Pressure solution of carbonate-based rocks participates in many geophysical and geochemical processes, but fundamental knowledge of the interfacial processes is still lacking. By concurrently pressing and sliding two single calcite crystals past each other, the pressure solution rate and the friction force between the crystals were concurrently measured in calcium-carbonate saturated water with an extended surface forces apparatus. These studies reveal that both a decrease and an increase in frictional strength can originate from the pressure-solution of calcite single crystals. By conducting nanoscale force measurements with an atomic force microscope, ion specific effects were unveiled at the level of a single asperity. Pressure solution is promoted when the interfacial water layers of calcite remain undisturbed under stress (e.g. with Ca(II)) and the dissolved ions and water lubricate the interface – a phenomenon called pressure-solution facilitated slip. The mechanically induced disruption of the hydration layers of the calcite surface (e.g. with Mg(II) and low Ni(II) concentration) correlates with the more fluid-like and lubricious behavior of the confined fluid in the absence of pressure solution. Charge neutralization of the calcite surface leads to an abrupt change of calcite's hydration layers, which promotes pressure-solution facilitated slip. This work advances the fundamental understanding of physicochemical interactions occurring at confined surfaces of stressed calcite.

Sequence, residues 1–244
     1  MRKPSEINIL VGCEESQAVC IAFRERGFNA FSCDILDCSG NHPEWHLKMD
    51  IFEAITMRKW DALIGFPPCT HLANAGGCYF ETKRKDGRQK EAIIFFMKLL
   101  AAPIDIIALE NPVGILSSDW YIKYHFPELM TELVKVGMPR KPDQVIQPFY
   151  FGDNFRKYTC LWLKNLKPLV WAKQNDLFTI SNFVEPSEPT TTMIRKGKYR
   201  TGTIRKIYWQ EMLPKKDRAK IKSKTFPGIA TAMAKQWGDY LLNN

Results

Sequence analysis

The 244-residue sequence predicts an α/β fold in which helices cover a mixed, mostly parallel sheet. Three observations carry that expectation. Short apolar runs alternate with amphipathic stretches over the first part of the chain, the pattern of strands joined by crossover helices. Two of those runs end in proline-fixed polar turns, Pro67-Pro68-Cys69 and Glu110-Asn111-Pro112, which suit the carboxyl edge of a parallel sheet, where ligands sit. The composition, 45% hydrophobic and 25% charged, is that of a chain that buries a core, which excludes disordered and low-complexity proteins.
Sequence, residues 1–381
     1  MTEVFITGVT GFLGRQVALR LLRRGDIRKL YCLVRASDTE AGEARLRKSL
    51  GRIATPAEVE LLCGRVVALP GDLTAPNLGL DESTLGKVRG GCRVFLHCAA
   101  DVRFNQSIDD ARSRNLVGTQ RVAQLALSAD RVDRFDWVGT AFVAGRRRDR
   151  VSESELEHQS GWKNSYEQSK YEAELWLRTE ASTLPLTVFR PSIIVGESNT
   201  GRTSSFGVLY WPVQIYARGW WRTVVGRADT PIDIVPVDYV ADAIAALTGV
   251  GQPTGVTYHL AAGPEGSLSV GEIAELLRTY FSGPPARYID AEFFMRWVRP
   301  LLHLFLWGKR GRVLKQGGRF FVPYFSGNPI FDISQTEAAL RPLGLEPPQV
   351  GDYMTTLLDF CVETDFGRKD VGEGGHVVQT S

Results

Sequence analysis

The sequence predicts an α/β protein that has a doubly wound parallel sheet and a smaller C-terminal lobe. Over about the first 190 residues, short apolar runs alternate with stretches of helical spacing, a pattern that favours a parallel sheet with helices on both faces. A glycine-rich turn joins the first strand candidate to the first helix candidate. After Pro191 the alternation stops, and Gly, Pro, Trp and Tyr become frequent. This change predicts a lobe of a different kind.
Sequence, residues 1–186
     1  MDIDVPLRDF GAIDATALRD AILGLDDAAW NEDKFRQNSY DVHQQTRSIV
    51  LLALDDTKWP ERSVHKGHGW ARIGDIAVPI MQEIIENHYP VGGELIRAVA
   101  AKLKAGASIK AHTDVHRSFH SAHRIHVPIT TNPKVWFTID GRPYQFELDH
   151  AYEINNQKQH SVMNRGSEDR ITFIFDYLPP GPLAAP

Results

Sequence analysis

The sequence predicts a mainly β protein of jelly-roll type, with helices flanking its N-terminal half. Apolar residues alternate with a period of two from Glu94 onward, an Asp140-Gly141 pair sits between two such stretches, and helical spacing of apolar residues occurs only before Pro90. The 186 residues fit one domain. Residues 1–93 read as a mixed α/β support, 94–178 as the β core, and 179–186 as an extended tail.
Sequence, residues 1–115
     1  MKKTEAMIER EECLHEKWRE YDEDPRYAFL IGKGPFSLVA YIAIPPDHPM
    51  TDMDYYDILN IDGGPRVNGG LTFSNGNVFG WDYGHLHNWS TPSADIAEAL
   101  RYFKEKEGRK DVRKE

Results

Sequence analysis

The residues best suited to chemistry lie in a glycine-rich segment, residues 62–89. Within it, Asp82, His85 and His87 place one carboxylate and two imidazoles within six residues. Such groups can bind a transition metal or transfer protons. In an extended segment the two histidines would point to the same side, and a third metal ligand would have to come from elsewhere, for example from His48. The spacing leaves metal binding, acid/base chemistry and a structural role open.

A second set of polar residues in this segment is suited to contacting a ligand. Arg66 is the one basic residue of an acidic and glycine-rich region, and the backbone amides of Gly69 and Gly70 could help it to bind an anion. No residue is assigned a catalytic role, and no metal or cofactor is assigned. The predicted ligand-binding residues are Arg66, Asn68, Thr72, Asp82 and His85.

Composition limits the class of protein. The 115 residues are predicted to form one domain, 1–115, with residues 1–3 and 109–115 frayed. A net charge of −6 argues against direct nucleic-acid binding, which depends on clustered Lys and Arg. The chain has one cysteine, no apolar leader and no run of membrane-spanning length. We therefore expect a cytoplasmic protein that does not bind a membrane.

- Atomic Force Microscope
- Pressure solution
- Surface Forces Apparatus
ASJC Scopus subject areas
- Electronic, Optical and Magnetic Materials
- Surfaces, Coatings and Films
- Colloid and Surface Chemistry